honor. As a pioneer business man he contributed to its commercial prosper-
ity from an early day and as the years went by his position in public regard
was strengthened by an irreproachable life and unfaltering moral worth.
In manner he was entirely free from ostentation and display but the quali-
ties of true manhood cannot be hid. They show forth in one's daily conduct
and speech — they are the real basis of character. Such was the case with
Mr. Maier and wherever he went he was respected and most of all in Ihe
communities where he was best known.



THEODORE HENRY DINGMAN.

Theodore Henry Dingman, who is now engaged in the production of
berries and in general farming on section 8, Garner township, was born in
this township, June 16, 1858, a son of John Boyd and Martha (Ritter) Ding-
man, of whom mention is made on another page of this volume. His ma-
ternal grandfather, Adam Ritter, came to Garner township in 1846, being
one of its first settlers. He was born in Wythe county, Virginia, July
24, 1812, and was seven years of age when he accompanied his father to
Burkes Garden, Tazewell county, Virginia. In 1837 he married Nancy T



562 HISTORY OF POTTAWATTAMIE COUNTY

Ward and in 1842 became a resident of Hancock county, Illinois. In the
spring of 1846 he came with a colony of Mormons to Pottawattamie county,
traveling by team and wagon to Council Bluffs, which was then called Kanes-
ville, and the same year settled on the farm which for a very long period
was his home. He lived in Garner township until within a few years of his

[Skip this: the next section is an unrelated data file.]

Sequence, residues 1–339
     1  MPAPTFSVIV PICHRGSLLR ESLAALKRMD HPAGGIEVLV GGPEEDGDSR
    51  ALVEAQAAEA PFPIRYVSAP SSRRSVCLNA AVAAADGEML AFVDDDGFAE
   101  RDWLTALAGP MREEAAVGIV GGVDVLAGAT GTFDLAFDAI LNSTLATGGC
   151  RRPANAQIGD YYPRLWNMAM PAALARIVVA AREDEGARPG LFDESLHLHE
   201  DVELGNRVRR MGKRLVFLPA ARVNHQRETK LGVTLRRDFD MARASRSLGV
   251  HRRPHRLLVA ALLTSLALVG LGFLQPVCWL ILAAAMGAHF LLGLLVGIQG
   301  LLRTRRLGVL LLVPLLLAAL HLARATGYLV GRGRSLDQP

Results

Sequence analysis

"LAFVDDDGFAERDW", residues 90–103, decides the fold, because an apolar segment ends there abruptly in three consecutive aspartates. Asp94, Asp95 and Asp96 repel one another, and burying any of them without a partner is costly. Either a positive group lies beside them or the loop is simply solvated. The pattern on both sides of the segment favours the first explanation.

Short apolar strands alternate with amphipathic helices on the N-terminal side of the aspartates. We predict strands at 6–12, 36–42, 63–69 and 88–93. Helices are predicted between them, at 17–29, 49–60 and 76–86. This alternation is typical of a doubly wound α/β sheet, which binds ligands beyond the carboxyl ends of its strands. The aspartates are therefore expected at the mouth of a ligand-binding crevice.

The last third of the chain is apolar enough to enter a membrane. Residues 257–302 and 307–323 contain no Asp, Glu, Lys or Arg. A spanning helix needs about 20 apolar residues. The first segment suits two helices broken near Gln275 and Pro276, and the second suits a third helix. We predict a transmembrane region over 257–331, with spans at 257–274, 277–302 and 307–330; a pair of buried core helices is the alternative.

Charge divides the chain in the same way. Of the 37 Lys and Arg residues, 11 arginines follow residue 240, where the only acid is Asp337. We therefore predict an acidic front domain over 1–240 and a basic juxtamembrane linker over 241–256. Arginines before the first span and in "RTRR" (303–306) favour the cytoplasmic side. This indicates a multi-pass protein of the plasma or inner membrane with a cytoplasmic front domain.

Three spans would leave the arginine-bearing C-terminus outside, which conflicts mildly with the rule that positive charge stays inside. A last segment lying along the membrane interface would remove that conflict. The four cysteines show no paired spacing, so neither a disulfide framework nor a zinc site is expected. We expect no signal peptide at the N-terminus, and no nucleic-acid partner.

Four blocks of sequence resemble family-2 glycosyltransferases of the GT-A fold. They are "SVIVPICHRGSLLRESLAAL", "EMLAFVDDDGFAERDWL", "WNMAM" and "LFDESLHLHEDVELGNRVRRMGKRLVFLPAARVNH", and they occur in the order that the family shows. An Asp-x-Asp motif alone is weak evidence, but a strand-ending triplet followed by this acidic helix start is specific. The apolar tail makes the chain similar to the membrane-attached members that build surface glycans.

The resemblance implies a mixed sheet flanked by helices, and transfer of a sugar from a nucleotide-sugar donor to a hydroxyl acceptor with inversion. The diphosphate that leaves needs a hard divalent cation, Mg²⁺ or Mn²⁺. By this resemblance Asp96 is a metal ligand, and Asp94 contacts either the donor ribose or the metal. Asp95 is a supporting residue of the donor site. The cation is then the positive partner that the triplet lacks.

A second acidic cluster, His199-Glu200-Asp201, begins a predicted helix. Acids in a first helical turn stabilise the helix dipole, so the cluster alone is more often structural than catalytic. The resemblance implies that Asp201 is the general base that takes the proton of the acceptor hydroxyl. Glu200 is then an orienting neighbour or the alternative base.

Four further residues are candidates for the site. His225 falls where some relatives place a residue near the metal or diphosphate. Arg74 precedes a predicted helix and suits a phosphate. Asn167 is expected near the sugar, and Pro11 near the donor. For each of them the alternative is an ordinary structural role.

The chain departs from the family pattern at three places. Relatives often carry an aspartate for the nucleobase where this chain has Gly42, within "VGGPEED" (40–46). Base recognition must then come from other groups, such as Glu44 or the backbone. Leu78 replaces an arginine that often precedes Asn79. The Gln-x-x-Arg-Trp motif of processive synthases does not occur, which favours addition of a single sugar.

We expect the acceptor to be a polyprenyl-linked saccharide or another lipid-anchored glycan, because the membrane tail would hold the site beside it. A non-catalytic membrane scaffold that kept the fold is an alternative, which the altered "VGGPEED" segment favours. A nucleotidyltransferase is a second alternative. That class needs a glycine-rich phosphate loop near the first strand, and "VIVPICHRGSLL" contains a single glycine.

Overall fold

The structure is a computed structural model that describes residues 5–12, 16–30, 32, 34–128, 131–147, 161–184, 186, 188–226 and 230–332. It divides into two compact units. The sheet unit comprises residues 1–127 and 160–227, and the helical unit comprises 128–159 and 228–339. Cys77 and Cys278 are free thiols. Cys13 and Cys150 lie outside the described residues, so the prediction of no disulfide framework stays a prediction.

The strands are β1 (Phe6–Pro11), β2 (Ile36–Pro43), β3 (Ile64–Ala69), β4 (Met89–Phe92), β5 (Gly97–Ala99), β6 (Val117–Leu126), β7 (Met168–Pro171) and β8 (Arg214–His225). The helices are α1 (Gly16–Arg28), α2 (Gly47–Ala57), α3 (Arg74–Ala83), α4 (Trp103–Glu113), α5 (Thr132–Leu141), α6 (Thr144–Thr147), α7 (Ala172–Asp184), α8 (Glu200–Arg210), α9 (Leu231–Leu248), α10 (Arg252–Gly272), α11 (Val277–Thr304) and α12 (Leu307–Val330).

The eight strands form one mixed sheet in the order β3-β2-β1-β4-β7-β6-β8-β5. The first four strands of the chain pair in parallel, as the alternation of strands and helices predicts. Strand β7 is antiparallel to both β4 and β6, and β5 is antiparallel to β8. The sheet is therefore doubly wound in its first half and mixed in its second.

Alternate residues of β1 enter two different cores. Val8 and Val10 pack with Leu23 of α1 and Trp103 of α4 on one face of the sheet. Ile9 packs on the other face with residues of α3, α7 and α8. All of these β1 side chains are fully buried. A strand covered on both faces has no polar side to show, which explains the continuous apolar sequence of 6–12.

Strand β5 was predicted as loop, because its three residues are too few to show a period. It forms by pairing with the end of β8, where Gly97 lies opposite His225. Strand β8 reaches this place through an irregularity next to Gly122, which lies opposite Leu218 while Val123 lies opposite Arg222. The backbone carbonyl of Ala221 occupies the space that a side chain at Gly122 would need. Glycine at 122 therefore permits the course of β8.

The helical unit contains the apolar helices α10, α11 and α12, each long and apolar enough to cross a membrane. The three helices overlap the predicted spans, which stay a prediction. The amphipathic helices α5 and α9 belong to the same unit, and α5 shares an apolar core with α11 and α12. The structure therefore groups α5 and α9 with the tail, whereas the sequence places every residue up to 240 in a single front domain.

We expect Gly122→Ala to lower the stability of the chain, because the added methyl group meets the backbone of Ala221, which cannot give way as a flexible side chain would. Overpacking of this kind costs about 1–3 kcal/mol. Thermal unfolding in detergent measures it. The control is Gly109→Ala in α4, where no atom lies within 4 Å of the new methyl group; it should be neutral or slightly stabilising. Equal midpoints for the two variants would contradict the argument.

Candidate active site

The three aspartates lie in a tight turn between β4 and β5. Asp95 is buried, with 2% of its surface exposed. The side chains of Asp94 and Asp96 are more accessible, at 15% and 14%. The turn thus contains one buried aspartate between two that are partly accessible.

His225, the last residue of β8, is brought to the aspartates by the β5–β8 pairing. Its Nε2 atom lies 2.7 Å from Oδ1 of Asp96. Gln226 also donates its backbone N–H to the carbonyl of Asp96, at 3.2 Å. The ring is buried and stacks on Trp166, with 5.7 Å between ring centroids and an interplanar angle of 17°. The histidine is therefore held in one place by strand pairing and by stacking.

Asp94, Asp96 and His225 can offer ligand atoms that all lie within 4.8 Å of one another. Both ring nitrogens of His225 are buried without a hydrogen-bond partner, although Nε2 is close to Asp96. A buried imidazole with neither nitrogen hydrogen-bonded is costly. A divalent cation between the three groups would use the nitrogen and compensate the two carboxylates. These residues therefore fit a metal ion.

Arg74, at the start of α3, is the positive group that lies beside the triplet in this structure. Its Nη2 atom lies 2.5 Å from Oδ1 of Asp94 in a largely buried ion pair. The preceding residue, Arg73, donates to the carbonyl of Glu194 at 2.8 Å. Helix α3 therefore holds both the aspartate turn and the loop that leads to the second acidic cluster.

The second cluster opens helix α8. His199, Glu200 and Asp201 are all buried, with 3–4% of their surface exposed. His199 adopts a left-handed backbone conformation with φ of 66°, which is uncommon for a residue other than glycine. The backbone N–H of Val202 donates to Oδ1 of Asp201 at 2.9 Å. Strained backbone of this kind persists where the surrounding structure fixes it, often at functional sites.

death and then removed to Neola, this county, where his last days were

passed.

It will thus be seen that Theodore H. Dingman is a representative of
one of the oldest pioneer families of this section of the state. He was edu-
cated in the common schools and reared to farm life, early becoming familiar'
with the duties and labors that fall to the lot of the agriculturist. Having
arrived at years of maturity, he wedded Miss Eliza Butterfield, a daughter
of Charles and Annie Butterfield, of Kane township, this county, the mar-
riage being celebrated on the 31st of January, 1883. They became the
parents of nine children: Oscar Henry. Nancy May, Frank Robert, Luella,
Myrtle Emma, Zoe, Flossie Leona, Jessie and Lottie, all of whom are still
under the parental roof, the family circle yet remaining unbroken by the
hand of death.

Mr. Dingman has made his home upon the old family homestead dur-
ing the greater part of his life. In 1893, however, he went to Oklahoma,
to which place he removed his family in the fall of that year, remaining
there for three months. He then came home on a visit and continued here
for five months, after which he again went to Oklahoma, where he lived
for one year. He bought a quarter section of land and homesteaded a claim
there, but before returning he sold the property. He now owns thirty-six
acres of his father's home farm and has a tract of fourteen acres in addition.
He is now largely engaged in fruit-raising, making a specialty of blackber-
ries, raspberries and strawberries, having about eight acres planted to fruit.
The fruit that he raises is of good quality, finding a ready sale on the market
and bringing to Mr. Dingman a gratifying and profitable income. His
political allegiance is given to the democracy but he has never been an office
seeker.



^t $m fork public ^ibrarg
Jkstet Jfcitax anb filbcn JlfoimiiatJons



•476 FIFTH AVENUE



JUQL&, August 2Z /^/3



Mr. George E. Warner,

Minneapolis, Minn.
Dear Sir:

On your invoice of June 3rd, you billed
the "History of Pottawattamie County, Iowa," by
H. H. Field and Hon. Joseph R. Reed, in two vol-
umes at $7.00. In collating these volumes we
find that a plate is apparently missing, between
pages 412 and 415 of Vol. 1. Will you kindly
try and find this plate and send it to us that
it may be placed in the volume?

Very respectfully,




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Chief cf Order Division



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Online LibraryHomer Howard FieldHistory of Pottawattamie County, Iowa, from the earliest historic times to 1907 (Volume 1) → online text (page 59 of 59)